COME TOGETHER #3

The open workplace concept of Come Together #3

from: Theaterkrant

Last week the third edition of Come Together, a three-day initiative of the Amsterdam-based choreographers Nicole Beutler, Keren Levi and Andrea Božić, took place in Theater Frascati. Artists from the capital could enlist to contribute. They were encouraged to especially present new ideas in short performances.

Whereas their own work was at the centre of the first two editions of this small festival, the three ladies now, encouraged by partners in the city, opened the doors for the whole dance- and performance scene of Amsterdam, making this event an extension of dance- and performance platform BAU, which has also been created partly thanks to their efforts. In the end, fifty artists were selected for Come Together. During three long nights their work-in-progress was on display in a tightly directed program, produced by NBprojects and Frascati.

We should be glad anout these kinds of initiatives in Amsterdam, which – when talking about support of young artists in the dance- and performance – has lost a lot. How is this city supposed to continue now that both Veem House for Performance and Dansmakers have lost the biggest part of their budget, and also ICK has let go of their residence places for young artists. Hopefully, a solution for this acute gap will arise. Still, Come Together #3 did not only focus on young artists. The program offered a stage to midcareers and older artists like Robert Steijn and Ivgi & Greben. Rightly so, since also independent artists with a track record feel the need for dialogue, especially when it concerns going into new directions. Good that this is taken into account.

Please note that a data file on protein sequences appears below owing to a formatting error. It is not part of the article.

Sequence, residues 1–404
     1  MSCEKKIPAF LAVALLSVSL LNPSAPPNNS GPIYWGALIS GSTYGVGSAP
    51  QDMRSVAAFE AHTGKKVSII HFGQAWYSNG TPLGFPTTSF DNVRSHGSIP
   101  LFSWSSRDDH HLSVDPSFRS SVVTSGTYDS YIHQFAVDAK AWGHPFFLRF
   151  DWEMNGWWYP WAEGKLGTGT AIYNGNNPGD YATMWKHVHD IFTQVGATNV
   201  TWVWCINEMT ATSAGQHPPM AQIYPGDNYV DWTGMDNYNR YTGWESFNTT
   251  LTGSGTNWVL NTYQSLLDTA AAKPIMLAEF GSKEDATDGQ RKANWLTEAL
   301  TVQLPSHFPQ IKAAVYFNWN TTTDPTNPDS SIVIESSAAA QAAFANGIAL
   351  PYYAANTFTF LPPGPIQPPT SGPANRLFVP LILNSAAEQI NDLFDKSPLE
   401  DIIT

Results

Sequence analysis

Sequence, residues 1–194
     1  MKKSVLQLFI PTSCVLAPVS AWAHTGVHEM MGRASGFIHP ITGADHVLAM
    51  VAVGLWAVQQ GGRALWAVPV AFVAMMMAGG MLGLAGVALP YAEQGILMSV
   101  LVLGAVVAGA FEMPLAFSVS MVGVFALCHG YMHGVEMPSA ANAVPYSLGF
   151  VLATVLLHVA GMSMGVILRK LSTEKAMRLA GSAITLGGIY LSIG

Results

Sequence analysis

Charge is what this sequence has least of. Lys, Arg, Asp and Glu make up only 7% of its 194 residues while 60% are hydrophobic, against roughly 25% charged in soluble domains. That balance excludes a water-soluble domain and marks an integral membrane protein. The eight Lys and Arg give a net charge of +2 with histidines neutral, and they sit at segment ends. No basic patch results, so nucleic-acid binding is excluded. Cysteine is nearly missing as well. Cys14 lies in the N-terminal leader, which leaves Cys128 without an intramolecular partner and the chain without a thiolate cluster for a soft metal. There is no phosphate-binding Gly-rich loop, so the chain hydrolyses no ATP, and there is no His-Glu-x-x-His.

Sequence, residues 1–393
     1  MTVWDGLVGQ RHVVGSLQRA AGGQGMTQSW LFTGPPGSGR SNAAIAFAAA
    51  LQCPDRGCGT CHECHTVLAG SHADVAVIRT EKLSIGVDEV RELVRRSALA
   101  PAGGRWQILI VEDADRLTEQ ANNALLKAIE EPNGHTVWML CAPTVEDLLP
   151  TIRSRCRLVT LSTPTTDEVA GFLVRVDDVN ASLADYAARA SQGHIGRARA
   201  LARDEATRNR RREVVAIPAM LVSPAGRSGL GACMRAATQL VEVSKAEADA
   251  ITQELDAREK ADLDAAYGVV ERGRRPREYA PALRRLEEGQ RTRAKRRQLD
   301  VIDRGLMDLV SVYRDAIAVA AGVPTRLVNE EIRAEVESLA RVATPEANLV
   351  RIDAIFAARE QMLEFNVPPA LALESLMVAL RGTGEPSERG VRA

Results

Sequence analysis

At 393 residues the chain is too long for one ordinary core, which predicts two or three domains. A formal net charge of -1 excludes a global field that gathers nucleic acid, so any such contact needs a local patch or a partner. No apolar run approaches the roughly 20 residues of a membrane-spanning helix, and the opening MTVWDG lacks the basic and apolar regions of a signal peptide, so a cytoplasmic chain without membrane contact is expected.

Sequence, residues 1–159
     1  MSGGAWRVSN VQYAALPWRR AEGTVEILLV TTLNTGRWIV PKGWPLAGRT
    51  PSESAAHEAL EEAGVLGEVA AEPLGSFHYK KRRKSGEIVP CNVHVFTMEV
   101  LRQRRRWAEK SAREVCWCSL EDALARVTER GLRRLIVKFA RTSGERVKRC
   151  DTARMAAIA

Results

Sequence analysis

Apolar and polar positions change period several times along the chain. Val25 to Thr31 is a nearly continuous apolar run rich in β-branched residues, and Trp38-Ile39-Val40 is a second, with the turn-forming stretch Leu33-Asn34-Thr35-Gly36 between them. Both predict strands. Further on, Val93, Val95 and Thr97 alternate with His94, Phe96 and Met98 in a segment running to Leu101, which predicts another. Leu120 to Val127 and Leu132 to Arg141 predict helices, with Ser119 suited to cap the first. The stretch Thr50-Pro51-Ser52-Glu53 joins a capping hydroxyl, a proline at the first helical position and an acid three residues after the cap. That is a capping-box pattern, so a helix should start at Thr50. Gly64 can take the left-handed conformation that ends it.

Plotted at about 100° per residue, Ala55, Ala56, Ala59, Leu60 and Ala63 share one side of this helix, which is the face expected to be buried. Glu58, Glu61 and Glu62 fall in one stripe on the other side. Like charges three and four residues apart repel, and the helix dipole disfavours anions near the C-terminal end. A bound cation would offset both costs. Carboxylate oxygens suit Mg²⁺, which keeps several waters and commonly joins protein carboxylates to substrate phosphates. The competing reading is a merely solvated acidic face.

Artistic research was well represented in lecture performances, installations, films, and music performances. The program was diverse, pure dance performances were limited. In particular, the performance-network around SNDO (School voor Nieuw Dansontwikkeling), DAS Theatre (master of the Amsterdam School of the Arts), and the mime school were well represented. New ideas were launched and tested among colleagues. Some performances had yet to find a definite shape, others were already further along in the process. Not only artists, but also dramaturges found a connection. Among them, Jochem Naafs, became a second Nico Dijkshoorn, reflecting on what he experienced in his pop-up poetry.

The dance- and performance scene in Amsterdam is, despite the minimal infrastructure, very active, not only in theatres but also in galleries and churches. On the same day, for instance, I attended a meditative dance performance of choreographer Niels Weijer in the Oosterkerk. Often artists do find a way to present their work, but creating with limited means is reality too. Come Together facilitates the meeting, but primarily the open workplace concept of ‘trying-out’ and ‘stimulating’ serves a function. It creates positivism in a circuit that struggles.

By now, dance- and performance platform BAU, a new Amsterdam-based initiative coordinated by Eva Villanueva, which also rents out two dance studios and managed to arrange a complementary budget of the municipality of Amsterdam to compensate for the expensive studio rent in the city, has launched a website: www.bau.amsterdam. On that site all dance- and performance activities in the city, jobs and calls, as well as a complete database of people in the scene, are collected. That way, the field is now creating its own, digital archive.

© Moos van den Broek